Saturday, April 5, 2008

"La Boheme Makes Me Wish I Had Consumption"


I would like to start this review by profusely thanking Peter Gelb for all that he has done. I've done this before and I'll do it again. Peter Gelb is a genius. His HD broadcasts bring the Met all over the world to all sorts of people that would never think to enter an opera house. I bow down to you, Mr. Gelb.


Now that I'm done groveling let me tell you about the opera.

It was perfection. After such an ending I can hardly give anyone a bad review. I was in tears a full twenty minutes before Mimi died and during "Donda lieta usci." Angela Gheorghiu, who you know is not by any means my favorite soprano, was so wonderful. Whenever I see a singer I don't particularly care for they always win me over! I'm a sucker for wonderful performers. Ms. Gheorghiu's voice is so lovely and what an actress! She might take a long time to get to the stage door because she has to pick the scenery from her teeth first. One thing that irked me was that when she sings she moves around so much. She mouth goes all over and, at least from what I saw, her body is constantly moving. Ramon Vargas was a very effecting Rodolfo. I saw him first last season in Onegin and he was better in this I think. He has more to do here and more to sing. At first he was a either a little tentative or not fully warmed up. By the end of "Che Gelida Manina" he was beautiful. His high notes were fabulous. During the third and fourth act he was so heartbreaking, you really felt for Rodolfo.

Out of what opera adoring universe did Ludovic Tezier spring from? I had never heard of him before today, but my gosh what a voice! The first time he opened his mouth I had to gasp and thought "Who is that??" Some people were not so thrilled by him, but I was! He was rather handsome, but even with my eyes closed (which they never were, by the way) I could hear that his voice was rich and beautiful. Oren Gradus and Quinn Kelsey were agile (to say the least) and hysterically funny as Colline and Schaunard. The "Vecchia Zimarra" by Mr. Gradus was beautiful and sentimental. Schaunard is usually a character who is forgotten or just floats into the background. Not this Schaunard, he was front and center with his humor and charm. Ainhoa Arteta, who I saw in this role last season, was funny, flirty, and had a marvelous voice. Her "Quando M'en Vo" definitely stood out, and her acting quite overshadowed Ms. Gheorghiu in the second act. It was great because at the end she really cried when Mimi died. After the curtain came down we (that is, the people in the movie theaters) saw her continually wipe her eyes and her cheeks. Fantastic! Paul Plishka, of course, was a comic force for this opera. His Benoit/Alcindoro combination were so funny. It's so great to still have him around and just hanging around the house. Nicola Luisotti conducted fabulously. I've heard people complaining that he took it too slow. It's interesting, because in the theaters no one complained about it, but everyone who heard it on the radio said it was slow! Interesting...
As usual, there's nothing to be said about the chorus and orchestra that hasn't been said already. Remarkable. Truly spectacular.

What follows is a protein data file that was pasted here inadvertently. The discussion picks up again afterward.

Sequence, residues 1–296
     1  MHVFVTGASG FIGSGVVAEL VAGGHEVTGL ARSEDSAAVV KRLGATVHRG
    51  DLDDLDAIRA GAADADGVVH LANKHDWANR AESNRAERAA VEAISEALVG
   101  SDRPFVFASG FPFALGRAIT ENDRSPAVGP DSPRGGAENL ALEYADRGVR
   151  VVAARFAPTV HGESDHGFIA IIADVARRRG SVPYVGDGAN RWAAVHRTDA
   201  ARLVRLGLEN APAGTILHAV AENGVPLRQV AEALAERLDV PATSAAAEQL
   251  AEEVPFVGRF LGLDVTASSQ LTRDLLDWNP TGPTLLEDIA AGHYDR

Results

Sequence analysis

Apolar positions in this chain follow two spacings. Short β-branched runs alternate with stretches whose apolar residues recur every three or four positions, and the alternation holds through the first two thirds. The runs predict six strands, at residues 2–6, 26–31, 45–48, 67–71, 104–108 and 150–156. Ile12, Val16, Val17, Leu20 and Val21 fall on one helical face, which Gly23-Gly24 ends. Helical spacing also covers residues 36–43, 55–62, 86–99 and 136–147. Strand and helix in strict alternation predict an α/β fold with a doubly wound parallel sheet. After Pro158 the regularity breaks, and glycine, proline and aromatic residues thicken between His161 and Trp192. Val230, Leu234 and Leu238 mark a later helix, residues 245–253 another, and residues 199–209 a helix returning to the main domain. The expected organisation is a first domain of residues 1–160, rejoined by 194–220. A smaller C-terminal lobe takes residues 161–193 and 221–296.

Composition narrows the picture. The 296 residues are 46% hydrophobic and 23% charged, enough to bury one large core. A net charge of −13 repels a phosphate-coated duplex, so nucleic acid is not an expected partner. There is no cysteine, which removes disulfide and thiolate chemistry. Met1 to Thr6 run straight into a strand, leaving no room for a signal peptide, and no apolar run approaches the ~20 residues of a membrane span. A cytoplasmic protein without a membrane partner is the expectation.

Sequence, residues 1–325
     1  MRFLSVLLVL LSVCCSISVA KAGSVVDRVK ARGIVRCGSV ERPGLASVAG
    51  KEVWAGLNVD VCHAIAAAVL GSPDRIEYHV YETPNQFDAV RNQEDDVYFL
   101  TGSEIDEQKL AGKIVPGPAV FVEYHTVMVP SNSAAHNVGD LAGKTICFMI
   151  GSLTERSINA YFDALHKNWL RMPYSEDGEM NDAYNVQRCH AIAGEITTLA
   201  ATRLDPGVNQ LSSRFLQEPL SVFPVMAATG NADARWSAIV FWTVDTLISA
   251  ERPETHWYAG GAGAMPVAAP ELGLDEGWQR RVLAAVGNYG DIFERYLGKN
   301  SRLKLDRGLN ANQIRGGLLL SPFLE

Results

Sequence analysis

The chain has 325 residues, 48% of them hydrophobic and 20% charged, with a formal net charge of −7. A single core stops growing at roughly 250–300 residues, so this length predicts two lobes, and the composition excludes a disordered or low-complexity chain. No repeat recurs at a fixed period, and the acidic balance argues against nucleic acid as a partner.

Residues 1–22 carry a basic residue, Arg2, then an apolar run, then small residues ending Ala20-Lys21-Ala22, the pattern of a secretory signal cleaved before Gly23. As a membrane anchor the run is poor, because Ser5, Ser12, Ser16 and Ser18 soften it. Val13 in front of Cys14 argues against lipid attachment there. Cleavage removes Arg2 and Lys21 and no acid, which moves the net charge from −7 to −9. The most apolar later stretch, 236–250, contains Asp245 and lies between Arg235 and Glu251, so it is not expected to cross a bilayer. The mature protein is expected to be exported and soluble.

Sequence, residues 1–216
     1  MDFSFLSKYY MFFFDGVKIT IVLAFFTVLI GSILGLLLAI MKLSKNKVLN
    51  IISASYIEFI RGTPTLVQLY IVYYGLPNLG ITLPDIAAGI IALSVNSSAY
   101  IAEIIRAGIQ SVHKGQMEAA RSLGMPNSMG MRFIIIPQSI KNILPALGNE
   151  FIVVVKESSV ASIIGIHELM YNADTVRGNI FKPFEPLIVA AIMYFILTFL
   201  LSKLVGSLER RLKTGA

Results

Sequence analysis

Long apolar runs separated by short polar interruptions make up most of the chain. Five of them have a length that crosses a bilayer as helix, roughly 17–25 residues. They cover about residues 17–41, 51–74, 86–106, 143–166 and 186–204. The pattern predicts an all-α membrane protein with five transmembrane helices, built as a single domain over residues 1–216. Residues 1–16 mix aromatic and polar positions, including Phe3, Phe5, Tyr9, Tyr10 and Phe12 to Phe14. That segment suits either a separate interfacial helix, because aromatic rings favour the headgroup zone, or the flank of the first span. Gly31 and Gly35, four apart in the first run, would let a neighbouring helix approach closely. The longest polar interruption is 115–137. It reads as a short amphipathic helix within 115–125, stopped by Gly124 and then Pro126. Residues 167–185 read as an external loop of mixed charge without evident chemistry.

Renee Fleming hosted today and what a cute job she did! We saw the obvious question cards for the interviews, which caused a few chuckles, but that's not a huge problem. She interviewed the head of the Children's Chorus and the children themselves, Angela and Ramon, Joe Clark (now a regular for interviews), and Nicola Luisotti. There was a tribute to Franco Zefferelli (who I didn't mention before because I don't need to say anything about the production) that had clips from all of his productions from the Met including Tosca, Otello, Cavalleria/Pagliacci, Turandot, and others. Another montage, if you will, featured a clip or two from every HD broadcast both last season and this season. There was a trailer for the upcoming Fille broadcast with footage from the Covent Garden production.

The backstage camera angles were so incredible. During the pause between Act I and Act II you saw the Parisian rooftops slide off the stage and the Latin Quarter (with the whole chorus already on board) moved slowly and quietly from stage right. The whole set moved onto the stage. It was insane. I couldn't get enough of it.
Renee also mentioned that next season there will be ten HD broadcasts to theaters everywhere. Guess who's excited!!!! =)




Happy Listening!! =)

2 comments:

Tom k said...

Nice summary, I was at the the Met for the performance. Absolutely agree with others that the tempo was slow, most noticeably in the Act I showcase arias. I would think most opera fans would agree. I found myself wondering whether the performers negotiated the tempo with the conductor under the pressure of the high visibility of this performance. That said, still a great performance.

CaroNome said...

Great, now I'm embarassed that I didn't notice. =) I think I just got caught up in the excitement of not only seeing a live opera, but seeing it being streamed live from the Met and I didn't notice. Plus, I love "Boheme" and the Met so much that I wouldn't mind it being slow. I'd stay there all day if the tempo was slow enough!!! =)
I also have a habit of missing at least one thing that everyone else noticed. Got to get that fixed...

Thanks for the comment, though, I'm happy to hear from someone who was in the house!

CaroNome